For Immediate Release
July 17, 2013
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Hatch Statement at Finance Committee Hearing Examining How Health Information Technology Can Improve Health Care Quality

WASHINGTON – U.S. Senator Orrin Hatch (R-Utah), Ranking Member of the Senate Finance Committee, delivered the following opening statement at a committee hearing examining how health information technology (IT) can help improve the quality of health care in America:   

Thank you, Chairman Baucus, for holding this hearing today on health information technology, or health IT.

This is an important topic that the Chairman has rightly stated can help improve the quality of health care in this country.
 
I have witnessed firsthand the power of using health IT to transform the delivery of health care.  

In Utah, Intermountain Healthcare System has long been one of the leaders in this field.
This transformation didn’t happen overnight. Dr. Homer Warner, a Utah cardiologist, helped establish the field of health IT in the 1950’s. His work and teaching coupled with that of his colleague, Reed Gardner, inspired generations of clinicians to enter the field of informatics long before it became popular.

The promise of health IT is that it can facilitate evidence-based clinical care, decrease the number of errors that are far too frequent in our complex, fragmented health care system, and allow each clinical visit to a health care provider to increase our knowledge base about effective care.

In preparing for this series of hearings on health information technology, we have heard from many providers – both large and small – as well as the vendor community.  Most have said that they believe the Meaningful Use Program has spurred the investment in technology.
 
Many were already in the process of establishing and purchasing health information technologies and the Meaningful Use funds they received simply helped offset the costs.
 
For others, it was the threat of financial penalty that spurred this type of investment.

Regardless, I think health IT can be a very valuable tool and its use should be encouraged.  
However, it is my hope that we are not judging the success of this program simply on the number of dollars going out the door, but rather by the positive impact on patient care and decreases in healthcare costs.

I also hope that, as both CMS and ONC establish requirements for the program, they consider all of the other burdens that providers face.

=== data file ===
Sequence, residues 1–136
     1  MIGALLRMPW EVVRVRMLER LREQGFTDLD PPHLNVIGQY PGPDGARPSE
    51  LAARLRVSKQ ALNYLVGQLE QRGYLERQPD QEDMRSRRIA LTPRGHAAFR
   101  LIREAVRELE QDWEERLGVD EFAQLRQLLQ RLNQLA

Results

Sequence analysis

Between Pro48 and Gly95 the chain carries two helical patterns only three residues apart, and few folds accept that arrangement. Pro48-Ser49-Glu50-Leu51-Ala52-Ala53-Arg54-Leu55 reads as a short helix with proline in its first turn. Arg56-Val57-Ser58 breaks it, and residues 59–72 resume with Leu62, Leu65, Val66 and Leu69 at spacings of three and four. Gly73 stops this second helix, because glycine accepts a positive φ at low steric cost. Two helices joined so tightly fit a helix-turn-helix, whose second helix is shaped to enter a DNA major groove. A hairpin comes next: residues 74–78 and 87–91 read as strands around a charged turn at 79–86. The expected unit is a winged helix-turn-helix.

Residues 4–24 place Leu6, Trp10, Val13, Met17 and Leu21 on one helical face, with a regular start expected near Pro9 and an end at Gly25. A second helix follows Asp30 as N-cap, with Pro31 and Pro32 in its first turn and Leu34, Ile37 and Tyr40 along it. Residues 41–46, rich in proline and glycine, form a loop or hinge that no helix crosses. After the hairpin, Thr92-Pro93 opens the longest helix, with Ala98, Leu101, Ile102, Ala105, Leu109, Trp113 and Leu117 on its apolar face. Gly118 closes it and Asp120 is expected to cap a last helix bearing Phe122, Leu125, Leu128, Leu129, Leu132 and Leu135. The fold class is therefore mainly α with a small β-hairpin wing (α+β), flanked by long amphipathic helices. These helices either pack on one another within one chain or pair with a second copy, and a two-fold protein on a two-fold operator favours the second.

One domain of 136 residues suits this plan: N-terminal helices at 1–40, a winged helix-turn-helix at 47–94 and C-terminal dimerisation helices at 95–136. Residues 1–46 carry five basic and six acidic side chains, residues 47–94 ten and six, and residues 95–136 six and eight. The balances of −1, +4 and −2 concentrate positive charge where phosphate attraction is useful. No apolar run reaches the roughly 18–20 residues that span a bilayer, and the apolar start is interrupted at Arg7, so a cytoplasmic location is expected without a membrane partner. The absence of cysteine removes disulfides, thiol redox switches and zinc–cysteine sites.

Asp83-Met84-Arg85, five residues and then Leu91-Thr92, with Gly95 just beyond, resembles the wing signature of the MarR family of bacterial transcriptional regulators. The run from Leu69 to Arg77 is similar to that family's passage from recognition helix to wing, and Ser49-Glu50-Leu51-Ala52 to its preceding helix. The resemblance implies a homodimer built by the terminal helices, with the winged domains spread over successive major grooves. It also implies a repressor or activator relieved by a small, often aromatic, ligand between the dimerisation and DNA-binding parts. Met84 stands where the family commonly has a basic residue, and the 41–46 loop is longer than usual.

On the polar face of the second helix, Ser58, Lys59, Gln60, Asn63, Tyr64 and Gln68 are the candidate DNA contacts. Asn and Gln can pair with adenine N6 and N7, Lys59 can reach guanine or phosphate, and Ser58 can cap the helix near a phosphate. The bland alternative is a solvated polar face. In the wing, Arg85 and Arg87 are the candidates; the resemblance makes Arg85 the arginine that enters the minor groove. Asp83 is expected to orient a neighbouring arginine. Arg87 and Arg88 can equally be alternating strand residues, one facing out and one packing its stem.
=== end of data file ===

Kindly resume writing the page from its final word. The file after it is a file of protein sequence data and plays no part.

As we have seen time and again, not all providers are created equal.  The size, sophistication, and availability of resources vary greatly.  

I am very proud of the work that Intermountain Health Care has done in this area, and their use of health information technology should be an example to all.  But we have to acknowledge that they are really the exception, not the rule.  

As CMS and ONC develop future stages of Meaningful Use, we need to take into account all that we ask of our providers.  

Let me be clear, I do not want to see progress stalled on implementing the use of technologies.  But, if we ignore problems along the way and simply expect everyone to catch up, we will end up in worse shape.

The federal government cannot afford to spend money on programs that don’t yield results.  
At the same time, providers can’t afford to invest in systems that don’t work or have to be overhauled a year later as requirements change.

It would seem to me that we have an opportunity to push the pause button and make sure that the program is working before we continue down a potentially unsustainable path.

I think many members would agree that we should hold providers and vendors to high standards.  

And, perhaps the Meaningful Use Program, in its various stages, has set the bar too low.  

In the end, I would rather ask more of our providers and vendors and provide them with a reasonable timeline to achieve those goals.

This hearing, along with the one scheduled for next week, is being held to allow us to hear from the administration’s leaders in health information technology and from the community of vendors and providers using health IT in clinical care.

It is an opportunity to take a mid-course pulse of the ongoing Meaningful Use incentive payments to providers, and to assess the kinds of improvements in health care that these funds intended.

Mr. Chairman, thank you for holding this hearing and I look forward to hearing from our two witnesses.   

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